Group Captain Leonard Cheshire has just returned from China where he saw 'a 30-year dream come true' with the establishment of a home for the disabled.
THE younger generation tends to have a stereotypical view of those with distinguished war records: They are pictured as people approaching old age who sport the obligatory regimental tie, stand bolt upright, insist on rigid formality and who break knuckles with an unnecessarily powerful handshake when saying hello.
Group Captain Leonard Cheshire VC OM DSO DFC RAF is a man who by his very bearing and presence defies these illusions. Seemingly more at home in a monastic cell than in the cockpit of a wartime Lancaster bomber, Mr Cheshire is extremely gentle and softspoken. He is one of those people who, despite nearly a lifetime of charitable activity, never feels he has done enough for those mentally and physically handicapped he has provided shelter and hope for the world over.
Recently back from a trip round Africa where he provided a founder's impetus to homes already established or else soon to be set up, Mr Cheshire spoke of the enormous deprivations faced by black South Africans in the townships.
"Sometimes they suffer from gunshot wounds inflicted by the police or stab wounds inflicted by fellow blacks. When they come out of hospital missing limbs or unable to walk there are no care facilities for them in the townships. I have known of blacks reopening their bed sores so as to remain in hospital as long as possible," he said.
With an average three speeches to give a day on his trip round South Africa, Mr Cheshire could hardly avoid pointing out the injustices of apartheid. "One must always be honest, but also courteous. If you drive South Africa into a corner with ceaseless denunciations, people harden and remain rigid. The fact is that it is the little things such as charity and love and hope which transform a nation, and we spend far too much time spouting lofty ideals rather than getting on with the business of transforming South African society into a community of love at the grass roots level."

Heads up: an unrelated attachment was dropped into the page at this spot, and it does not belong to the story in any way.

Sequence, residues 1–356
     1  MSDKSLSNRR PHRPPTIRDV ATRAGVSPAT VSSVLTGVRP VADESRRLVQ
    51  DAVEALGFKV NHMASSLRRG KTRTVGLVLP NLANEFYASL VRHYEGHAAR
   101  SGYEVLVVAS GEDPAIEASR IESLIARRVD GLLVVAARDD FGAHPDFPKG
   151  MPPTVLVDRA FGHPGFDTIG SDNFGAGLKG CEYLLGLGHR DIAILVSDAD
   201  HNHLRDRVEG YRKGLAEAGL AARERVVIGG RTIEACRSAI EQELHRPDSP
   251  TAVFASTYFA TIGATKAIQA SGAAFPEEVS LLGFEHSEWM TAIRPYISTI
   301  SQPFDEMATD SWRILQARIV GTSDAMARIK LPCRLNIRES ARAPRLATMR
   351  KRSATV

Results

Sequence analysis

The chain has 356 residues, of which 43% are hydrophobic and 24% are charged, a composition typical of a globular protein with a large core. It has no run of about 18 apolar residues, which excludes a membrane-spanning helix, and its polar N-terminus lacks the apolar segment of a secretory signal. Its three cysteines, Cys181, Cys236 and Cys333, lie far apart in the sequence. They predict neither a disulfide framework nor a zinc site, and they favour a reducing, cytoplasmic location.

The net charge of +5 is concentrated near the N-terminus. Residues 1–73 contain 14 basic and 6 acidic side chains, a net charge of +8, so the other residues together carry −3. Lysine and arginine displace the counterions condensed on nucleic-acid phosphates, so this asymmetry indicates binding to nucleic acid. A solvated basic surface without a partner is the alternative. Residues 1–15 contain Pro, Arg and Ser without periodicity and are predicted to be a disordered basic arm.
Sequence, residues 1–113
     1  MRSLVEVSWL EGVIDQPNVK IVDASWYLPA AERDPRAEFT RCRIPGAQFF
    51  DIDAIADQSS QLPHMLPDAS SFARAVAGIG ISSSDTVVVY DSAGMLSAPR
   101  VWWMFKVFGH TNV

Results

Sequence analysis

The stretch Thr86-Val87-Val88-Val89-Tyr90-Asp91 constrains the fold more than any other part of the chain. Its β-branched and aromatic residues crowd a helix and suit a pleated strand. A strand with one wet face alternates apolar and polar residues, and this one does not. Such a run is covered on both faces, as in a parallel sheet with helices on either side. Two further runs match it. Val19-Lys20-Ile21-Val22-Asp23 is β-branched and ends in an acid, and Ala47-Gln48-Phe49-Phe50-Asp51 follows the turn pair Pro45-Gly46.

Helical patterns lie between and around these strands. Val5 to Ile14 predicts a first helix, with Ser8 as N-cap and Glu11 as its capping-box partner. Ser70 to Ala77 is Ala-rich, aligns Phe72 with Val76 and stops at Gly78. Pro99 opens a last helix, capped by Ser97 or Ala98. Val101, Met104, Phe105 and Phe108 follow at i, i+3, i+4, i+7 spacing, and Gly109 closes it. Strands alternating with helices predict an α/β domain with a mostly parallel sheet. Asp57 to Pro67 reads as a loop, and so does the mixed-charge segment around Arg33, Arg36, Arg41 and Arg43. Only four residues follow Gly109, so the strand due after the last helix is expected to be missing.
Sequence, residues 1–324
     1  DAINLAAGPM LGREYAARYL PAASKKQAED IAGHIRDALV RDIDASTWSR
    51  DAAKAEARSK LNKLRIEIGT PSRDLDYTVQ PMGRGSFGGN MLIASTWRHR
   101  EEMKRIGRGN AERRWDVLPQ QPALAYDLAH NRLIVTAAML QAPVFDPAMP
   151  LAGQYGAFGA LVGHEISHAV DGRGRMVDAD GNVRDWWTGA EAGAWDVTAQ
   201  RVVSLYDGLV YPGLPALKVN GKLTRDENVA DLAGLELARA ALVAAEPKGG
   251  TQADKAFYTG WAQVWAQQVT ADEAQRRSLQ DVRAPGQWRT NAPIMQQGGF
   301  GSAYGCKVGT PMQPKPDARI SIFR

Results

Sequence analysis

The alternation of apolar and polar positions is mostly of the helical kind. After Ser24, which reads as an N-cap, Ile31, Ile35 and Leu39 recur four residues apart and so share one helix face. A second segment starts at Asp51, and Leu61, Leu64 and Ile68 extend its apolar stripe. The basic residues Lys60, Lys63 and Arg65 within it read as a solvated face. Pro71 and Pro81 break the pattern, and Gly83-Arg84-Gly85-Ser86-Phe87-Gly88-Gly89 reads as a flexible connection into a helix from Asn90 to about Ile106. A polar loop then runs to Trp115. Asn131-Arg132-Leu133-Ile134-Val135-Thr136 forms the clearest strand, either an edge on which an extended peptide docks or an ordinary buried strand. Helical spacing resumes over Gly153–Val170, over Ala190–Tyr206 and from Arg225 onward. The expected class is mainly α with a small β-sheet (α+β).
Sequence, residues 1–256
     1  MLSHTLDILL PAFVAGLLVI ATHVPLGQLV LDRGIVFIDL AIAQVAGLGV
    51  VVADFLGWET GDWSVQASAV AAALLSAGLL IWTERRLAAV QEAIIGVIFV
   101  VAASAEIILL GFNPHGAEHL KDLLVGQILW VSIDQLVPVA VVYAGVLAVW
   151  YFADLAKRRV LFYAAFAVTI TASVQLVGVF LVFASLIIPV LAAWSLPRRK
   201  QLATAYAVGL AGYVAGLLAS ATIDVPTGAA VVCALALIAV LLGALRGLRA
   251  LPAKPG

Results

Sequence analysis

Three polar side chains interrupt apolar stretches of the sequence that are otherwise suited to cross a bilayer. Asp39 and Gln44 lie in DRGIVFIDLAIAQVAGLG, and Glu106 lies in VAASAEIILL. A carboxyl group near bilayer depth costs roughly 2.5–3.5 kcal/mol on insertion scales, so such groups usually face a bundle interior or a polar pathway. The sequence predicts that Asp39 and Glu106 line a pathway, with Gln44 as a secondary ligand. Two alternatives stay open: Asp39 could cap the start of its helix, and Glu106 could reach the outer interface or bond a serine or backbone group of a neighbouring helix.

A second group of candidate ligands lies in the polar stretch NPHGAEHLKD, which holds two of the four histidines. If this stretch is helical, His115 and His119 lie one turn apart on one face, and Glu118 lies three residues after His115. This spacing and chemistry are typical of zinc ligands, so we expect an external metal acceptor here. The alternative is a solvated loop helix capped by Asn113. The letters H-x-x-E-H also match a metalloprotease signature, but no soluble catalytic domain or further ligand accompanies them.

Mr Cheshire was happier talking about his new venture in China where the Foundation has just been granted permission to start a home for the disabled. "It has been a 30 year dream of mine that one day we'll have something in China," he said. For years he had driven his family mad by trying to learn Mandarin in order to better reconcile himself with a culture he loves and respects.
The miracle happened in February last year when Deng Pu Fang, son of the retired Chinese Premier, took up the Cheshire cause and paved the way towards the foundation of a home at Kun Ming. The reason? Deng Pu Fang has a special affinity with the handicapped due to his being defenestrated as a hot-headed young student protester during the Cultural Revolution. He is now confined to a wheelchair.
Although most Cheshire Homes the world over are selffinancing and run themselves after their initial foundation, Mr Cheshire has undertaken to raise £250,000 for setting up the Chinese project.
But what drives Mr Cheshire to tirelessly work for the world's underpriviledged well into his seventies? The answer must lie in his formidable spirituality bolstered as it is by three hours of prayer a day, including the recitation of daily office, and frequent Mass attendance.
He defies anyone to say that the business of Christianity is tied up exclusively with social action. He believes rather in the early Christian concept of Kenosis, literally "selfemptying", which allows one to become the instrument of God. This self-emptying he says is common among the handicapped who, deprived of material and physical well being, are thrown back on God in such a way as to become perfect vessels of His intentions towards His creatures.
"At the moment I am particularly taken with Christ's agony in the Garden of Gethsemane where, although perfect, He became sin for us. He asked His disciples to 'wait for me' while He prayed to His Father. Because Jesus asked this, and was largely let down because His disciples went to sleep, I find great solace in keeping watch with Christ, not asking questions, but just remaining in silence to do His will."
His record in helping the handicapped — there are homes in 50 countries worldwide — is proof positive that a deep spirituality does indeed lead to concrete Christian social action. "I would be nowhere without prayer," he told me.